WASHINGTON (CNN) -- It's that time of year again, when the last snow storm has become a distant memory and the weather starts to turn a little warmer. Spring is in the air and that means one thing for Washington: cherry blossoms.
The National Cherry Blossom Festival runs through April 12.
The National Cherry Blossom Festival kicked off on March 28 and runs through April 12, and more than a million people are expected flock to the nation's capital to visit the thousands of cherry trees and participate in the festival's activities.
The main attraction is the Tidal Basin, where thousands of pink flowers bloom alongside some of Washington's most picturesque monuments, such as the memorials to former Presidents Franklin D. Roosevelt and Thomas Jefferson. The annual festival commemorates the gift of 3,000 cherry trees from the mayor of Tokyo to Washington in 1912.
On a sunny Sunday, with temperatures in the mid-60s, visitors strolled through the blossoming trees along the Tidal Basin during the festival's opening weekend. Ed Carden, from Leesville Lake, Ohio, said he first saw the cherry blossoms when he was a teenager and that he had tried for years to come back.
"They're magnificent, stupendous," Carden said. "This is the first time I'm seeing them as an adult. I've been trying to hit it for at least 15 years and finally we made it. It was worth the wait, every second." See photos of the blossoms »
First-time visitor Marcelle Klahr, from Philadelphia, Pennsylvania, said she heard that the setting was beautiful and decided to come and see it for herself. She said she would come back to the festival again in the future.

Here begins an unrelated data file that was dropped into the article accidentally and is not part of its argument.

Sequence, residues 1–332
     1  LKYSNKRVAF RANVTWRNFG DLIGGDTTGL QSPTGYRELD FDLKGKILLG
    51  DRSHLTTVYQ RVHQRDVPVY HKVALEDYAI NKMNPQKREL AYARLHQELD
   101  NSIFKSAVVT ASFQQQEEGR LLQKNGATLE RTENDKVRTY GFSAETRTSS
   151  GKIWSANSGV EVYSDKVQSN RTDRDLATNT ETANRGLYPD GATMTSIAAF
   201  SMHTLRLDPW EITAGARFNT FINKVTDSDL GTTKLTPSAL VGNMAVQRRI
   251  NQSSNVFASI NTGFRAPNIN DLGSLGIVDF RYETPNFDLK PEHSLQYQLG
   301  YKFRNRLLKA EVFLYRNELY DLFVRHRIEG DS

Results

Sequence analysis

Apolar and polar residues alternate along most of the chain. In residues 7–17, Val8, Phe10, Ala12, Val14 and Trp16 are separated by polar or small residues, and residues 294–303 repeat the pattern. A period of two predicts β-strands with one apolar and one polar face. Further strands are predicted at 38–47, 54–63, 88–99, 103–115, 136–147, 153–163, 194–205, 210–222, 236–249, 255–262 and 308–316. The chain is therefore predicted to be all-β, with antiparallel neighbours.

"I think it's stunning, I think the whole setting is absolutely stunning," Klahr said. "I think it's nice that it's natural and not sort of a man-made beauty. It's just lovely to walk around."
But the best is yet to come, as the flowers are expected to peak Wednedsday through Saturday, just in time for the festival's main events. Saturday is the big day, when one of the main highlights includes a giant parade that stretches 10 blocks along Constitution Avenue.
The parade kicks off at 10 a.m. Tickets for grandstand bleacher seating are sold out, but standing along Constitution Avenue between 9th and 15th streets is free.
Alongside floats, marching bands and other performers, Alex Trebek, the host of "Jeopardy!," will serve as the grand marshal. Trivia junkies interested in trying out for the show will get their chance on Saturday at Montgomery College's Germantown campus from to 2 to 4 p.m.
After the parade ends, visitors can head over to the Sakura Matsuri festival, a Japanese street fair billed as the largest in the nation. There, visitors can purchase Japanese food, check out a Japanese beer garden, shop for Japanese products and watch traditional performances and sumo wrestling. The man who created the Sudoku craze, Maki Kaji, is also expected to make an appearance.
If a day of seeing cherry blossoms gives visitors a craving for cherries, they're in luck, as restaurants all over Washington are creating some aptly-flavored drinks and desserts, called "cherry picks." Restaurants showcased on www.GoOut2Eat.com will promote their "cherry picks" and provide special deals on drinks and food.
Diana Mayhew, the president of the National Cherry Blossom Festival, said that "cherry picks" program is a perfect example of the entire city coming together to celebrate. She said she couldn't pick her favorite event, and visitors should try a little bit of everything.
"Visitors should come and spend a couple of days in Washington and just enjoy a lot of different events," Mayhew said. "Go into the city, enjoy D.C. The festival is beyond the Tidal Basin, go to the neighborhoods and see how everyone celebrates spring."